Commentary: Parental concerns brewing ahead of approval for COVID-19 vaccinations for kids under 12
Parents are already thinking whether to vaccinate younger children aged five to 11, and we need to have this conversation, says NUH paediatrician Dr Lee Le Ye.
SINGAPORE: Parents in Singapore with kids aged five to 11 will have to make a big decision very soon.
The Health Ministry’s director of medical services Kenneth Mak said on Saturday (Nov 20) that Singapore hopes to extend COVID-19 vaccines for children aged five to 11 from January 2022, pending the recommendation of the Expert Committee on COVID-19 Vaccination.
As a mother, I can understand the conflicts and concerns that parents have. Choosing to get that jab for our young ones just doesn’t seem straightforward.
On one hand, we celebrate that a vaccine is finally available for children as we know mass vaccination of the world population is our ticket out of the pandemic. Most of Singapore’s eligible population have been fully vaccinated against COVID-19.
And we are fortunate many effective COVID-19 vaccines have been produced and authorised for use in record time, and made available to us in Singapore. Many countries, especially in less developed countries, still have issues accessing these life-saving vaccines.
Many countries have also launched successful vaccination campaigns, including for adolescents after published clinical trial data demonstrated vaccine efficacy at preventing symptomatic infection in children aged 12 to 15.
Several also rolled out or recommended vaccinating younger age groups or are currently deliberating it. In the United States, more than 2.6 million children between five to 11 have already received their first dose.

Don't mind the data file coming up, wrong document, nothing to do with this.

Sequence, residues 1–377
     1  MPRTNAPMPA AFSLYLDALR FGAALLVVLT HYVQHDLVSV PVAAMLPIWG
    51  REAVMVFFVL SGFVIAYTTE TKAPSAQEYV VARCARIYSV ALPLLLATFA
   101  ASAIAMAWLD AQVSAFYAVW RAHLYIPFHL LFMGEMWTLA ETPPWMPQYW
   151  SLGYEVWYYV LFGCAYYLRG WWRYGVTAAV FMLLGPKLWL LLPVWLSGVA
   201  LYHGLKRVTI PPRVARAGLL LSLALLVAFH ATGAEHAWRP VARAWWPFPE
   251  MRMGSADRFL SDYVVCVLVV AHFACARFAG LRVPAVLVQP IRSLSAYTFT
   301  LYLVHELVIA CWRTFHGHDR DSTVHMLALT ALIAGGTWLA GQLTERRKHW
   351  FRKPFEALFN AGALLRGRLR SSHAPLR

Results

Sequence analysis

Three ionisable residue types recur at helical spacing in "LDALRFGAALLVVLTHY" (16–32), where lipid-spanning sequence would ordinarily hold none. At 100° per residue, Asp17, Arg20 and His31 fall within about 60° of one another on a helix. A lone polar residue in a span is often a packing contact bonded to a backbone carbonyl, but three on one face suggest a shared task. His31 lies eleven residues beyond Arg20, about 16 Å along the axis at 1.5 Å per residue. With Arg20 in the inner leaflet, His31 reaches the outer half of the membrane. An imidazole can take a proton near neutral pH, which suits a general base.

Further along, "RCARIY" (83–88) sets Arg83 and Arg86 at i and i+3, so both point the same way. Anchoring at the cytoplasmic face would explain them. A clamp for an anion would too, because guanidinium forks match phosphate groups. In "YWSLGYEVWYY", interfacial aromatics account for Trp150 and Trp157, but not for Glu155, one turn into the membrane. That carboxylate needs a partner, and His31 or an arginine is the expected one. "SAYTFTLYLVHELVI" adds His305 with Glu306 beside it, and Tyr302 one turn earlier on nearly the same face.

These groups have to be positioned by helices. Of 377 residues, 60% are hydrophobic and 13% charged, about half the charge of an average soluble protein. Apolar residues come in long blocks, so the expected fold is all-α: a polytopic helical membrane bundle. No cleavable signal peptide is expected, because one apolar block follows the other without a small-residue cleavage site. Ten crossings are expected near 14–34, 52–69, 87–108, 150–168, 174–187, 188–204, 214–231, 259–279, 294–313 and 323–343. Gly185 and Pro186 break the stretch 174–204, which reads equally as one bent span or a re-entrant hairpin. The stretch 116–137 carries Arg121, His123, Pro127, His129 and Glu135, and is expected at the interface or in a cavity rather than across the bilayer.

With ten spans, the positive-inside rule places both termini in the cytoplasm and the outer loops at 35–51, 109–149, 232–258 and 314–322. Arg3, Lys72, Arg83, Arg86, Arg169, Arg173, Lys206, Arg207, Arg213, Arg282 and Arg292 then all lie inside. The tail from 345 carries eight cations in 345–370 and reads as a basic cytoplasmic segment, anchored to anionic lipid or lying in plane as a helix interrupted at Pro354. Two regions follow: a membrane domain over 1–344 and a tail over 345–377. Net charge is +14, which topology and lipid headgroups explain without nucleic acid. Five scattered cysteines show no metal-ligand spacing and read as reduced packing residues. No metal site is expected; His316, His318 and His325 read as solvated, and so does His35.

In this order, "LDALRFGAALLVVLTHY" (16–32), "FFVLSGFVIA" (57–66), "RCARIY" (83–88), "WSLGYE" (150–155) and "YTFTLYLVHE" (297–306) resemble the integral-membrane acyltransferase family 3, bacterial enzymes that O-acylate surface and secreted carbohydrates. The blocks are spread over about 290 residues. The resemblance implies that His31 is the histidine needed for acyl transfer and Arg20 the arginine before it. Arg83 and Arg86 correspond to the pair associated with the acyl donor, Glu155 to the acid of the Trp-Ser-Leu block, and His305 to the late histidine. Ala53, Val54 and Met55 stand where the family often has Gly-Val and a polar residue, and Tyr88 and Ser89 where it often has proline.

Parents in Singapore who may have eagerly taken their own shots didn’t seem to hesitate when vaccinating their children above 12 years of age. As of Nov 23, 85 per cent of our total population are fully vaccinated - one of the highest worldwide - especially with about 90 per cent among youths and young adults.
Will we do the same with younger children when the time comes?
CONTENDING WITH POSSIBLE SIDE EFFECTS AND RISKS
On the other hand, many parents can’t help but wonder whether the vaccine is safe. With no long-term data on the effects of vaccines, parents are concerned about possible side effects.
These are unknowns that can only be addressed after real-world vaccination programmes are established. These are known as Phase 4 data used in all medicines and vaccines developed previously.
Besides allergic reactions which manifest within the study period, there is particular concern about the increased risk of myocarditis or pericarditis. To date, the incidence of myocarditis appears to be higher in adolescent and young adult males.
But Singapore data has shown low rates of serious adverse events – about 0.006 per cent of almost 10 million doses administered as of Oct 31 according to the Health Sciences Authority.
Parents might also have to contend with the practical challenge of limiting young energetic children’s activities and physical movements for two weeks after vaccination – not an easy feat.
On top of that, younger children will naturally be afraid of vaccination and needles. Parents may find it more difficult to manage children who have yet to reach the maturity to understand the need and rationale for the vaccine.
WEIGHING THE RISKS AND BENEFITS
But parents are also savvy enough not to think of risks in isolation. Are the benefits of vaccination worth its risks? Don’t children have a lower risk of developing severe disease?
Have a niggling fear despite clinical trials showing good outcomes for children aged five to 11? Listen to health experts and a mother weigh in on CNA's Heart of the Matter?